Simon Marcus Gower
Walking into the Natural History Museum in London is an experience that borders on the breathtaking. The architecture of this renowned and ground-breaking museum is grandiose to the point where it almost distracts from the exhibits.
Walking up the steps to the museum, it is not hard to see why it is often referred to as a “cathedral to nature.” Its design is vast and full of the details and ornamentation characteristic of great cathedrals. Stepping into the building, the Central Hall forms a spectacular welcome.
For this architectural splendor we must thank the Victorian architect Alfred Waterhouse, who designed the building in the early 1870s. The museum opened in 1881.
The showpiece Central Hall is kept under the watchful gaze of a superb statue of the great natural historian Charles Darwin. At the hall’s center is the skeleton of a dinosaur. At about 25 meters, it is well-placed in the cavernous space, and it hints at the many dinosaurs that may be viewed in this world wonder of a museum.
Its dinosaur galleries are educational, entertaining and at times dramatic in the way they present these great beasts that once walked the Earth.
Perhaps the star attraction in this regard is the recreation of a Tyrannosaurus rex (or T-rex, as it is more familiarly known).
As you approach, loud roaring lets you know that what awaits is no dull and dusty museum exhibit. The atmosphere is augmented by menacing low lighting and a fog of misty dry ice is released into the T-rex’s swamp-like lair.
The life-sized animatronic model swings its enormous head as if to attack its visitors, and the teeth in its enormous mouth look ready to chomp. Small children may not feel entirely comfortable as the T-rex’s beady eyes seem to scan the visitors wondering who to eat. The model is very life-like with thick, leathery skin and careful coloring.
That attention to detail is important. Although the model is entertaining in its presentation, it is evident that much work has gone into representing the dinosaur as it most likely appeared when it walked the Earth. The museum is, after all, a place of science.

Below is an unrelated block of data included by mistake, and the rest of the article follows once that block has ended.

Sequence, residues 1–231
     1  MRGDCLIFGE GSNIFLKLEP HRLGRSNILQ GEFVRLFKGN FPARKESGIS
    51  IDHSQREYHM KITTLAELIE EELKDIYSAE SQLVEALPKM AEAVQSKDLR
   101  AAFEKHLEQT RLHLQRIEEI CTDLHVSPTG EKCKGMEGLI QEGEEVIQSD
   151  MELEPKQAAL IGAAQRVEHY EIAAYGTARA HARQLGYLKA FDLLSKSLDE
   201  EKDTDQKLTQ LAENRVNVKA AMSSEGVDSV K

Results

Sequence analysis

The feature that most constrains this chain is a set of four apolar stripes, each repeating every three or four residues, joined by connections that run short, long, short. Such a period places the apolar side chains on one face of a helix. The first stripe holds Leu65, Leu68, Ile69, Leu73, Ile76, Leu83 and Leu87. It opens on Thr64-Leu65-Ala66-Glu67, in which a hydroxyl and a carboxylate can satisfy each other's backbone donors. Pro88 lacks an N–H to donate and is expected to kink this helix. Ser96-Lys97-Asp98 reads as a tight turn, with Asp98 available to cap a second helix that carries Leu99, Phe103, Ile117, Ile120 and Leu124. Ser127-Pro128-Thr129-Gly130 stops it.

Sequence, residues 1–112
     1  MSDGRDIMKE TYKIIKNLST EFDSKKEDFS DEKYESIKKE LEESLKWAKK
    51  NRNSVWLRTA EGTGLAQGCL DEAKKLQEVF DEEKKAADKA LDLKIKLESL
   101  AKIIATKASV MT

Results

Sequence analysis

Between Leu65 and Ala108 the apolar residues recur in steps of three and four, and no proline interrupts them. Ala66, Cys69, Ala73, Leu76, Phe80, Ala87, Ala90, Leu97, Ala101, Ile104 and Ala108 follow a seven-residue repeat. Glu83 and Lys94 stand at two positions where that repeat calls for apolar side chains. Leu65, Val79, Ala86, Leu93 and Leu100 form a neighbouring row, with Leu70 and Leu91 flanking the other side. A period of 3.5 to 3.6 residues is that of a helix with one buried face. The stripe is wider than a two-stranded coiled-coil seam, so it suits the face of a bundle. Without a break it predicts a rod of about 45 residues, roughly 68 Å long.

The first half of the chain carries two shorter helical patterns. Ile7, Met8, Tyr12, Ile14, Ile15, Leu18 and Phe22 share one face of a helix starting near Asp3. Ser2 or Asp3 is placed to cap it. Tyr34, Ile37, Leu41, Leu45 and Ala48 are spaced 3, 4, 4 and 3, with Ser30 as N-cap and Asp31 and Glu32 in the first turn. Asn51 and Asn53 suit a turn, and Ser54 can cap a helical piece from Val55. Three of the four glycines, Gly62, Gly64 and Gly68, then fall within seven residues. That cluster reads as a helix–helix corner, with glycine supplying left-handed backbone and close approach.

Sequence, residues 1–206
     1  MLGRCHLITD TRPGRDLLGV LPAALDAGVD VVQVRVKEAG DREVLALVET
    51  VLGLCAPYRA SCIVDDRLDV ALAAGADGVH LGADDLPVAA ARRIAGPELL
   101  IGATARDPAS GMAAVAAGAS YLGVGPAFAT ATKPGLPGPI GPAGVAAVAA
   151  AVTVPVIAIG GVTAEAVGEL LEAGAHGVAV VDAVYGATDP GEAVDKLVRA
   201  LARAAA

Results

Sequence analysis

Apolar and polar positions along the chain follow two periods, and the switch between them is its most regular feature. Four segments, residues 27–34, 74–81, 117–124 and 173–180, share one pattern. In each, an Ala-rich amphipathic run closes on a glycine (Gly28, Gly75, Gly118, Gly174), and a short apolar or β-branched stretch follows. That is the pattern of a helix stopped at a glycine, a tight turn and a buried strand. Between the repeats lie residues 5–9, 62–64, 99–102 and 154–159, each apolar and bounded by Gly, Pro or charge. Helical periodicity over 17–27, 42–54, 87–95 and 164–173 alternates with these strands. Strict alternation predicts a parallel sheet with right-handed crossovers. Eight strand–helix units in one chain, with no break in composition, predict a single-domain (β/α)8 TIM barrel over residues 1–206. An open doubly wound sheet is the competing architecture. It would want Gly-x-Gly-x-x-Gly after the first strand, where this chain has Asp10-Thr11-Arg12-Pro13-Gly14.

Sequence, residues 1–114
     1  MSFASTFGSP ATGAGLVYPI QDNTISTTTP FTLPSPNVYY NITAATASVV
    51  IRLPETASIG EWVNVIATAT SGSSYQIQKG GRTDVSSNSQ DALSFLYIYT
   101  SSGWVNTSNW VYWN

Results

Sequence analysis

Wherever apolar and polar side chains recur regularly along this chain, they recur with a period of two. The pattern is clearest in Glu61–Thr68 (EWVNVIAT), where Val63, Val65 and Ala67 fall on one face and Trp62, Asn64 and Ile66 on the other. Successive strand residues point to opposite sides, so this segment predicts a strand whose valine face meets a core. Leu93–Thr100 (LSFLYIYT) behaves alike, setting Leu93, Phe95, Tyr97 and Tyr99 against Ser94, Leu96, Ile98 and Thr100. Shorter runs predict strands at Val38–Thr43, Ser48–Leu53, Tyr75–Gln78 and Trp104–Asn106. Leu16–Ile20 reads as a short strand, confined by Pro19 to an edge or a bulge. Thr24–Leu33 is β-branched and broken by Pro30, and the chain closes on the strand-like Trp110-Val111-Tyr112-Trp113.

And for all its aesthetic appeal, education is the primary aim here. Visitors to the museum learn about what these creatures were probably like when they did rule the world.
The lives of dinosaurs are thoroughly and fascinatingly explored, from hatching to extinction — which here is definitively linked to a rapid change in the global environment and tends to give visitors some food for thought about mankind’s trajectory.
Along the way, nearly every conceivable fact about dinosaurs is addressed, from what they ate to how their bodies worked. We learn, not surprisingly, about their skeletons — a familiar sight at museums of this nature — right through to their likely musculature, how their organs worked and how they fed themselves.
It is an entertaining and educational package for the whole family. Children, so often fascinated by dinosaurs, get excited by the exhibits but, just as importantly, they are introduced to the science and research behind them. The dinosaurs are just one gallery in a museum dedicated to nature’s wonders, but it is the one kids will flock to — no bones about it.